Parliament has approved a request from the Commercial Bank of Ethiopia (CBE) to issue long-term bonds in order to raise its capital by 26.5 billion Br to 40 billion Br. The request was tabled before Parliament three weeks ago. It is expected that the bonds will help balance the disproportionate growth of assets and capital in the Bank. Last year, CBE’s capital rose by five percent to 13.5 billion Br, while its assets showed a 27pc upsurge to 384.6 billion Br.
With the approval of the request, the Bank will now be able to reach the international standards set by the International Monetary Fund (IMF) that the capital of a bank should reach 44 billion Br.
The Ministry of Finance & Economic Cooperation will issue the bonds on behalf of the government. The bond will mature in 10 years after a five-year grace period, without any interest or tax.
Even though CBE’s total assets are more than that of all the private banks put together, the Bank’s capital to asset ratio is at 3.5pc, which is three times lower than the private banks’ average, making CBE the most under-capitalized bank in the country.
The asymmetric growth of deposits and capital was also another reason for issuing the bond. The Bank’s total deposits doubled to 288.5 billion Br over the past four years. Capital rose by 48pc to 13.5 billion Br over the same time period. The bonds are expected to reduce the risks associated with the Bank’s ability to meet its obligations to its depositors.
Despite the possible benefits of the bond for the capital structure of the Bank, CBE should use the bond to raise it paid up capital, which has been stagnant since 2012/13, according to Abdulmenan Mohammed Hamza, an analyst at London Portobello.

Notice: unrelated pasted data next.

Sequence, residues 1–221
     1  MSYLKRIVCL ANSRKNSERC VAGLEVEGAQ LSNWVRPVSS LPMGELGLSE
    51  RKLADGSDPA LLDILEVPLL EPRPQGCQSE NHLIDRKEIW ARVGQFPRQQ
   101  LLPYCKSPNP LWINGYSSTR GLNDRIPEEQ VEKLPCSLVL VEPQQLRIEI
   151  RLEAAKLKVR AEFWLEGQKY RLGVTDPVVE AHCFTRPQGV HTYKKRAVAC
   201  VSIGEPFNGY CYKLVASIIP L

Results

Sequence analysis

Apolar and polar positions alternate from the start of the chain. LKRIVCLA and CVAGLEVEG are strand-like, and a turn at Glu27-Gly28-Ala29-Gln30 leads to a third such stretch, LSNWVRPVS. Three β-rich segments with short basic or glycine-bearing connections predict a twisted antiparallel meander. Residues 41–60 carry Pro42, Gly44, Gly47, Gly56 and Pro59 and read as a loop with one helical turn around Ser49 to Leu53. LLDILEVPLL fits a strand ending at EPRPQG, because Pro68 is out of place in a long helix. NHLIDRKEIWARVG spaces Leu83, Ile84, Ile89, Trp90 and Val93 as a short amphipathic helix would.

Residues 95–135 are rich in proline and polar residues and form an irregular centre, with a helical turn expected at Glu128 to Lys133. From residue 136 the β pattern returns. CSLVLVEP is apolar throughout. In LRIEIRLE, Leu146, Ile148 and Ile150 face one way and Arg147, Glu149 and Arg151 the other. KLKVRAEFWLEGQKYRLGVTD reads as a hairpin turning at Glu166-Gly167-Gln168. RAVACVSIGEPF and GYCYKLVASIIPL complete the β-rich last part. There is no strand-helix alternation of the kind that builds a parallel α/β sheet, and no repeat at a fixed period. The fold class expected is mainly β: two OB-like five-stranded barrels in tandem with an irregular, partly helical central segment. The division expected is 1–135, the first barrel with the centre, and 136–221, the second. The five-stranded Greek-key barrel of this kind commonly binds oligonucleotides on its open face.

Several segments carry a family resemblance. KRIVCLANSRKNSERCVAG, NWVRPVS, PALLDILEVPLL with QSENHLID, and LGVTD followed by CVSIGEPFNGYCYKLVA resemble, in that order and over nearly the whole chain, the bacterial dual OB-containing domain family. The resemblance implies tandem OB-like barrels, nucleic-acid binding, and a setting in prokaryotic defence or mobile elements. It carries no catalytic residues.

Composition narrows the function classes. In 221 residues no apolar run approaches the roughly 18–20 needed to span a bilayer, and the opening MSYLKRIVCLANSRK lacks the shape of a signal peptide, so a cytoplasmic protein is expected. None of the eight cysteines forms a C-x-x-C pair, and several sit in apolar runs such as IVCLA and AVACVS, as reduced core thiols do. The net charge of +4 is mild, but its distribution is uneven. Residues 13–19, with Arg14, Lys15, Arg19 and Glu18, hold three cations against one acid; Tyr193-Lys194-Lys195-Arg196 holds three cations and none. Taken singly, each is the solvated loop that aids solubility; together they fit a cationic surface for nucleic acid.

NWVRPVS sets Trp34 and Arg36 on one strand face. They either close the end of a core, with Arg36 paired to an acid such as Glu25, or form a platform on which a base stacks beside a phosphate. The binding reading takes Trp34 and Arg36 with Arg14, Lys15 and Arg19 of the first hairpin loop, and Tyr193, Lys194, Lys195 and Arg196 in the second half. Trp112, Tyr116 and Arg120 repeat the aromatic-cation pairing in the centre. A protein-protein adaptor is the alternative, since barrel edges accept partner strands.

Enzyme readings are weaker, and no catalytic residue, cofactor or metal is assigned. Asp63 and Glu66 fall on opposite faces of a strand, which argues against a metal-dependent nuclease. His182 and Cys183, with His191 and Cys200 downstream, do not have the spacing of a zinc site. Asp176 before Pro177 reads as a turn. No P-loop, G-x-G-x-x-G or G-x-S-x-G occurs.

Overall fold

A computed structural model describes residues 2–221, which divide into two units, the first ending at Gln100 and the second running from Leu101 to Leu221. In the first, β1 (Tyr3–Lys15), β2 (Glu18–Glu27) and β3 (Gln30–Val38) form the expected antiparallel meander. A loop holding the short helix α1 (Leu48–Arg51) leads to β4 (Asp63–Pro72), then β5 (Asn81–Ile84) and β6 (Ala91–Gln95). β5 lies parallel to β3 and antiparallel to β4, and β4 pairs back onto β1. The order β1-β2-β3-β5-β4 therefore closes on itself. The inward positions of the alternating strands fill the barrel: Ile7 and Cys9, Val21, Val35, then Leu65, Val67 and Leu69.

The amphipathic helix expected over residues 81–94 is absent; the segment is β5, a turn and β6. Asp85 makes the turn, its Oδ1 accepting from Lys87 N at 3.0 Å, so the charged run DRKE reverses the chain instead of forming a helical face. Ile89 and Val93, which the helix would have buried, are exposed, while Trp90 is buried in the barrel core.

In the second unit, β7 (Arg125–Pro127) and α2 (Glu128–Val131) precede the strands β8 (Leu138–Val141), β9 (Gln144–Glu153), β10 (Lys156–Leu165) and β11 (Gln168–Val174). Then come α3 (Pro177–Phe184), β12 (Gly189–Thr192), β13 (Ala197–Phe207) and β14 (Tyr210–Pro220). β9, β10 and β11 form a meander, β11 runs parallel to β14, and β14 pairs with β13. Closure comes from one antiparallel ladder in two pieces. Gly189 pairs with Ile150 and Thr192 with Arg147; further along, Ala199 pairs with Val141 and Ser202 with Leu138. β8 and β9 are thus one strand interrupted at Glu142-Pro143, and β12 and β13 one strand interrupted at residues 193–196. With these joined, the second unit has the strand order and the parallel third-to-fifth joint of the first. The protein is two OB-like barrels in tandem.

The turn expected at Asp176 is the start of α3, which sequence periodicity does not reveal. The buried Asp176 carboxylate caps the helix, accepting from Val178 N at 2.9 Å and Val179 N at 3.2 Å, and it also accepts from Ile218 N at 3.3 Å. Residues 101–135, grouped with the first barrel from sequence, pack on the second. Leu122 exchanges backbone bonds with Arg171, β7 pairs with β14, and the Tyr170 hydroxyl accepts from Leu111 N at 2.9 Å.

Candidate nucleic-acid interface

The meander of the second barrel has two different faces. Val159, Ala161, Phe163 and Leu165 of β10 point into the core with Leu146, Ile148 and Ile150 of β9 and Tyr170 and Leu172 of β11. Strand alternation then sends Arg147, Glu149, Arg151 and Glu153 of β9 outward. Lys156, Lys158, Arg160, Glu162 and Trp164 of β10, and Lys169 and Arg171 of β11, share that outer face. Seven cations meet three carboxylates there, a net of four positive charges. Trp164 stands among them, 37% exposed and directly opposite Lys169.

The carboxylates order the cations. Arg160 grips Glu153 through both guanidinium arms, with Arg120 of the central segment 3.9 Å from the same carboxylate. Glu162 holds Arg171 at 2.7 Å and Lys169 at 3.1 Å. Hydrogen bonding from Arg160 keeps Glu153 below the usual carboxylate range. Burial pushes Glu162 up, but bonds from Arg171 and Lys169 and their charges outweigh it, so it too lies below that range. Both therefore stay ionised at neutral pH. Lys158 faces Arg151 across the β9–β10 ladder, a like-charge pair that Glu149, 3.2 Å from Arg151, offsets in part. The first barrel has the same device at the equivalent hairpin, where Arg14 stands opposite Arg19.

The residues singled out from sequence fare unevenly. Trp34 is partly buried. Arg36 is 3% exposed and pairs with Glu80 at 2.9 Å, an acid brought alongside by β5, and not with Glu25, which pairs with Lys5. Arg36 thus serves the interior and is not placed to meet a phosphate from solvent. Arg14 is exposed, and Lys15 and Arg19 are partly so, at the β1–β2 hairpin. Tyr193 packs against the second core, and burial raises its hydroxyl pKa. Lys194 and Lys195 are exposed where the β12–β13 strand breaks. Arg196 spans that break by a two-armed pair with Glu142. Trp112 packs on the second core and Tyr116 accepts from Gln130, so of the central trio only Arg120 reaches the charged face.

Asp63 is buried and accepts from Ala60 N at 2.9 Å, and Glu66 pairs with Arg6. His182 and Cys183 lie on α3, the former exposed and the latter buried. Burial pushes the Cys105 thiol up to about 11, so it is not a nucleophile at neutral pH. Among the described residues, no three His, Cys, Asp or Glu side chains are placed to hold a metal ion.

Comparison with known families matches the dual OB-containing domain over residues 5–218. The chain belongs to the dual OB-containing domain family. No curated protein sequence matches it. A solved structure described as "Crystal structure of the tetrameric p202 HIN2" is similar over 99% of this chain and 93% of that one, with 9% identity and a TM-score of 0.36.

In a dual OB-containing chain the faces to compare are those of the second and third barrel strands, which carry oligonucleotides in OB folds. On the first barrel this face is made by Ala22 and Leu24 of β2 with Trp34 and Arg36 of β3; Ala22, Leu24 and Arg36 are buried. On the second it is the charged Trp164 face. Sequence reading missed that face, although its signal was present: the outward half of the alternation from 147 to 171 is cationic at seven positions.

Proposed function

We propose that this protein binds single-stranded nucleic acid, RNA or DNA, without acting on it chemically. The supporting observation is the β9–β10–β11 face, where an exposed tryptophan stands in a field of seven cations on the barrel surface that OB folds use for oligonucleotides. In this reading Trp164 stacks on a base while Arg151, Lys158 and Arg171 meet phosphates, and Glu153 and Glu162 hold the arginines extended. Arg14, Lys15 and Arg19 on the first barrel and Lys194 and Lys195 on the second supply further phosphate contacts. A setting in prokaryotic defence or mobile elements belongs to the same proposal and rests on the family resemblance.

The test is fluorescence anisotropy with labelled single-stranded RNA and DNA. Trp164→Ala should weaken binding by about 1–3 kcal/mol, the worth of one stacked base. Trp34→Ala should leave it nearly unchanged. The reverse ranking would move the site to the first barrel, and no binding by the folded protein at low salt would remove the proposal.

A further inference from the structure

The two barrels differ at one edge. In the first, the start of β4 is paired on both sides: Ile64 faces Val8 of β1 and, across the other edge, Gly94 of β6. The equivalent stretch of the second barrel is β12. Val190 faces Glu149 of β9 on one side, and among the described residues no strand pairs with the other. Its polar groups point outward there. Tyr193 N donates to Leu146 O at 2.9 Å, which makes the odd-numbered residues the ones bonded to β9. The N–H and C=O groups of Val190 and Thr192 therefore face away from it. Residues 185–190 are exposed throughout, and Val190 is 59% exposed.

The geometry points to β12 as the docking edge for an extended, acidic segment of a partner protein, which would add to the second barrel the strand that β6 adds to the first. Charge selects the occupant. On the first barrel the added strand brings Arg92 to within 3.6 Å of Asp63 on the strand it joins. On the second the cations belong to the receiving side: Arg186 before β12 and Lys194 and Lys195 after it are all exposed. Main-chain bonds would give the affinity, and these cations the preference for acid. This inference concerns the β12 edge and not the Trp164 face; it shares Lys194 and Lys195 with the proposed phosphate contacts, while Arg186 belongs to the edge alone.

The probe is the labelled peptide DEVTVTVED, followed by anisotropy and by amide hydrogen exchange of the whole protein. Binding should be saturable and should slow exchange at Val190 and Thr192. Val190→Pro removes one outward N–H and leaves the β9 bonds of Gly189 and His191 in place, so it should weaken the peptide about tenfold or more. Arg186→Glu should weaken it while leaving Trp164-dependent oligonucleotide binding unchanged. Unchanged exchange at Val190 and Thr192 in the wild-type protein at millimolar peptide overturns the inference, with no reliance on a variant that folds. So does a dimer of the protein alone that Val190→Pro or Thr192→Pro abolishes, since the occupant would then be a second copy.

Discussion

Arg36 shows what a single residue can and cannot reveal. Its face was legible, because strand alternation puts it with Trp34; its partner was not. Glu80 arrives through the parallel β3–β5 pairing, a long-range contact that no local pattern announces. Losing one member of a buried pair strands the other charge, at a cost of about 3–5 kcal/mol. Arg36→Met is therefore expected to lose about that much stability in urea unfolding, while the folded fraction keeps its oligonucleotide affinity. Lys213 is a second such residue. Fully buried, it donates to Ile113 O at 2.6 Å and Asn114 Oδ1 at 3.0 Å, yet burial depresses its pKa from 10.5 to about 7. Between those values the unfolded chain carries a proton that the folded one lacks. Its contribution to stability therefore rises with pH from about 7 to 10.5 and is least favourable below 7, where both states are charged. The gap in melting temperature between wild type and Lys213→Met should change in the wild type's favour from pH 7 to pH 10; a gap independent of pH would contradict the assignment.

During the debate session in Parliament, a question was raised about whether the raising of CBE’s capital would adversely affect the private banks.
“Our focus is to participate in mega projects rather than competing in small projects with the private banks,” said Brehanu Abebe, chairman of Parliament’s standing committee for budget and finance.
Three weeks ago, Bereket Simon, CBE’s board chairman, made it clear that the issuing of the bond had nothing to do with private banks.
“The intention is not to compete with private banks,” he told Fortune three weeks ago. “Every bank has a distinct target.”
The capital increase is a wake-up call for private banks to do the same, according to a banking industry veteran with decades of experience.
“The raise might widen the gap between private banks and CBE,” said the banking veteran.”It will raise CBE’s ability to lend more and increase customers’ confidence in the Bank.”
Last year, CBE disbursed loans of 33.7 billion Br, slightly higher than the amount disbursed by all 16 private banks in the country.
“This gap might widen as CBE’s capital soars,” said the expert.
Currently, the capital of all banks has reached over 43 billion Br. CBE’s share of the total capital is around 31pc. Founded 50 years ago, CBE amalgamated with the Construction & Business Bank a year ago, which raised its capital by more than half a billion Br.
Trends of profit before tax over the past five years reveal that CBE is leading the financial industry by controlling close to 20 pc of the industry’s profit before tax. In the same period, the Bank’s profit increased annually by 41pc. However, the profit growth recorded during 2015/16 is four times lower than that of the five years average.